$12 to do a job that a monkey could do?

And?

Innovation and good products IS what makes Apple profitable. I pay a premium for my Apple products because the alternatives don't fit my needs. I know I pay a premium, and I don't really care. Should we force companies to pay low level employees more? NO ... because that just raises what the "poverty threshold" is. If we had not raised the minimum wage by 70% since 2007 then $12 an hour would be a GOOD wage. I used to make $8 in high school and that was a lot of money.. everyone else was making $5.25. Now it's not even minimum wage.. and everyone I used to work with at the same job makes the same because the company couldn't raise it's prices. Decent jobs became minimum wage jobs....... all because of Government and the voters know jack @%@! about economics.



I'm sorry, but you're paying a premium for ignorance. There are other products out there that do the exact same thing, for half the price or less, and infact can do it better. The different is, they don't have an apple logo on them.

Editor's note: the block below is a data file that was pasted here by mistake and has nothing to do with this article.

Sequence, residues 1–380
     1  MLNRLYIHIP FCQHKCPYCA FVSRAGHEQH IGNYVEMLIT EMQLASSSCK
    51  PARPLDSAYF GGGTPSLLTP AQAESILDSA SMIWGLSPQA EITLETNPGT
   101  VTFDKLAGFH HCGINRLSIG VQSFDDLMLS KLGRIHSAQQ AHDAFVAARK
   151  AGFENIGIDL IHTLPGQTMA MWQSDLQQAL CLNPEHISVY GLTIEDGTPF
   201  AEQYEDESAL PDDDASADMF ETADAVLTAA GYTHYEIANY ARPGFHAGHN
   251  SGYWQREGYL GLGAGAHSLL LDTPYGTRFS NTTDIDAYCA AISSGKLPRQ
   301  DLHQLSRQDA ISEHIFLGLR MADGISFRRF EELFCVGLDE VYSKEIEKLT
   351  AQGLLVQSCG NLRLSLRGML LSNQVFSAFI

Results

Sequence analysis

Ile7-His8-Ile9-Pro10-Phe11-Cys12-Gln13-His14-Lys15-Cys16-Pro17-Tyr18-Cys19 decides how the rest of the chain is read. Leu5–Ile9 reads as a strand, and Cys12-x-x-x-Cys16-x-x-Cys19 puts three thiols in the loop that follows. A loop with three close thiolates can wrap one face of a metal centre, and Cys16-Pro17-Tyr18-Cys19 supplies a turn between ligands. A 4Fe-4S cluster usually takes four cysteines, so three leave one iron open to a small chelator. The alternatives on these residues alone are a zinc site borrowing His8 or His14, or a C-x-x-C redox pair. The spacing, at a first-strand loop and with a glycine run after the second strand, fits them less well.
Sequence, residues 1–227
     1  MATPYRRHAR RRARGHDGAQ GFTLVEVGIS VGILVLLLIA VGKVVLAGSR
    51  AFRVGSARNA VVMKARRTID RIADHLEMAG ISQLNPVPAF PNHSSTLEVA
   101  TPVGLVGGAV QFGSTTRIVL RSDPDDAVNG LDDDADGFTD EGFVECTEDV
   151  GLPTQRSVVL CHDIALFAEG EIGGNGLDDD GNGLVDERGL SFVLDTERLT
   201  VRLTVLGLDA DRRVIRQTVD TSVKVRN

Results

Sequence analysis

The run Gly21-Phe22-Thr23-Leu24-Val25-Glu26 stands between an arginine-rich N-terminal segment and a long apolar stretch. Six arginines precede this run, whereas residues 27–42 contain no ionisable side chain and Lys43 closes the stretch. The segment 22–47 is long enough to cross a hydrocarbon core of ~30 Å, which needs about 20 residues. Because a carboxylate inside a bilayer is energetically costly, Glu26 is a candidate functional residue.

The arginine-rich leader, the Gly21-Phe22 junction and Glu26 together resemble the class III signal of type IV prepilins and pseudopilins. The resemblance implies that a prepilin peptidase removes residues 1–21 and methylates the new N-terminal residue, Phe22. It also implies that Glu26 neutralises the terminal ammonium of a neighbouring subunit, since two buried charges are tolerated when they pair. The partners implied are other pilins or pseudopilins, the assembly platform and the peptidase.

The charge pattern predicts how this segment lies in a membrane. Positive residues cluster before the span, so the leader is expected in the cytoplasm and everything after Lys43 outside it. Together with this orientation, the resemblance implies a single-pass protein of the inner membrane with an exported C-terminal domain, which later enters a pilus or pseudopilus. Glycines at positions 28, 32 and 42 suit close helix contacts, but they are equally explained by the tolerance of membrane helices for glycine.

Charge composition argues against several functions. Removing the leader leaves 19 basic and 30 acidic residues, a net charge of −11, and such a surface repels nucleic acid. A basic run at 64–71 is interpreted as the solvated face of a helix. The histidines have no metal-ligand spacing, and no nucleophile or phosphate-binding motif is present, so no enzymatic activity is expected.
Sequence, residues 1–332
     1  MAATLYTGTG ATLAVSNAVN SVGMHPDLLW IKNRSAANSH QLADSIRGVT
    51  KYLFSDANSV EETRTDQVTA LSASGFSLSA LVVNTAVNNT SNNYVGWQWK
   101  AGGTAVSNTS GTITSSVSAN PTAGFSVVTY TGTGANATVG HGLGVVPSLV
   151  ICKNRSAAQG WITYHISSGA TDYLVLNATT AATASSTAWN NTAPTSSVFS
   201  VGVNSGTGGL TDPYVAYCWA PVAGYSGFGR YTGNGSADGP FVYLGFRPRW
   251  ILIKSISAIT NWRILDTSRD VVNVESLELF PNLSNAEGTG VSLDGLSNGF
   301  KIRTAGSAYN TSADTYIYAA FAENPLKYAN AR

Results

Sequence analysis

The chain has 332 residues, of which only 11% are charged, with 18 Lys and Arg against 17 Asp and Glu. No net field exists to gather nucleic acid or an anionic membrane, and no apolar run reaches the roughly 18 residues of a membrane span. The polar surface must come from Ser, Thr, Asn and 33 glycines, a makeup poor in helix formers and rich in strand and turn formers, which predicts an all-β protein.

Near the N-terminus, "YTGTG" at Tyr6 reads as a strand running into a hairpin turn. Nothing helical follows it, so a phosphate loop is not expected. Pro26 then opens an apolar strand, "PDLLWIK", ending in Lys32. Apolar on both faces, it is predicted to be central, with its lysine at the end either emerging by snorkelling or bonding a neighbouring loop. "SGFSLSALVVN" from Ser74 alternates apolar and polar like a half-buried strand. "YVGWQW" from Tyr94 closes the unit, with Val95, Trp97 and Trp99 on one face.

Explain to me how having a decent minimum wage is bad for the economy. Thanks.



posted on Jul, 2 2012 @ 08:57 PM
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Originally posted by Kovenov
From this it's obvious that in no time in U.S. history have wages & salaries been higher. And oddly enough the curve was parabolic (roughly) until on/about 2000, but whatever.

Looking at this data and the claim "wages at all-time low" is incoherent at this point. Unless I am misinterpreting the data, I can't imagine how the "wages at all-time low" claim stands. Perhaps it stands in terms of Apple's numbers, but as a measure of the economy (per Fed Reserve Economic Data) the claim is incoherent.]


Are you factoring in the buying power of the dollar, aka, the cost of living? Wages are higher than they were in the past, in terms of actual dollars, but what you can get with those dollars has decreases significantly.